At the AUA, there is a list of 10 top priorities on which association lobbyists hope to gain traction.
Bob GattyWashington-The AUA and virtually every other medical organization has an interesting challenge in 2016: how to attract attention and political support on key issues that could affect physicians and patients for many years, far beyond the 2016 elections that will consume lawmakers in the months ahead.
At the AUA, there is a list of 10 top priorities on which association lobbyists hope to gain traction, realizing that lawmakers’ time and attention spans are even shorter than usual, condensed by the calendar as election campaigns move into high gear, especially when the August recess begins.
“A lot of our prime time to meet with congressional figures and try to make our point will be between now and the August recess,” observed James Ulchaker, MD, chair of the AUA’s Legislative Affairs Committee. “And after Labor Day, everybody is going to be in election mode.”
The legislative priorities approved by the AUA Board of Directors are:
• Preserve access to appropriate PSA screening.
• Reform the U.S. Preventive Services Task Force (USPSTF) recommendation process.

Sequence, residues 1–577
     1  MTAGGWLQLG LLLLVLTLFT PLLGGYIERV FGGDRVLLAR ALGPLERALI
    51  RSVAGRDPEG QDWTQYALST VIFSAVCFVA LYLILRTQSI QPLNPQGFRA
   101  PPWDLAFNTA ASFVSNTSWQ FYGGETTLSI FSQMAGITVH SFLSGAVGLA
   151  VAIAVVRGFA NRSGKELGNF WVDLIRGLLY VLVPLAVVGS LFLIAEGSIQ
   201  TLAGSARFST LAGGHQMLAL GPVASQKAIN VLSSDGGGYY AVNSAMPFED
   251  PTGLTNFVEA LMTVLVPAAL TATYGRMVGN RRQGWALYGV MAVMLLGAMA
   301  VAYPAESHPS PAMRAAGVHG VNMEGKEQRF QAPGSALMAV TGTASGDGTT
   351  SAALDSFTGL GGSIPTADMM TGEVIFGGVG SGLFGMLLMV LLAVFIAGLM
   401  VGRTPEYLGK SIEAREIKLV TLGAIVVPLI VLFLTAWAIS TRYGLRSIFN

• Preserve the use of the in-office ancillary services exception (IOASE) to the Stark law when appropriate.
• Address work force shortages in all urologic practice environments, preserve access to timely and appropriate care, and advocate for increased graduate medical education funding and resources for urology positions.
• Minimize the negative impact of meaningful use/EHR regulations.
• Address the 90-day grace period for recipients of advanced payments in the health insurance marketplace established under the Affordable Care Act.
• Promote urology/cancer research funding.
• Repeal the Independent Payment Advisory Board (IPAB) or modify the current law to provide for congressional oversight of its decisions, appointment of practicing physicians, and review by medical specialty societies.
• Promote medical liability reform.
• Promote bladder health initiatives at the federal and state level.
All of those issues are expected to be addressed at the 2016 Urology Joint Advocacy Conference Feb. 28-March 1 in Washington. The conference will be jointly sponsored by the AUA and the American Association of Clinical Urologists.
NEXT: PSA screening, IOASE, Work force shortage and more
PSA screening. “Number one remains preserving access to appropriate PSA screening,” Dr. Ulchaker stressed, noting that the AUA continues to work through the office of Rep. Marsha Blackburn (R-TN) to achieve passage of legislation that would reform the process by which the USPSTF reviews and develops recommendations for clinical preventive services. The USPSTF in 2012 recommended against PSA screening for prostate cancer, and the task force now is developing a new research plan to update that recommendation.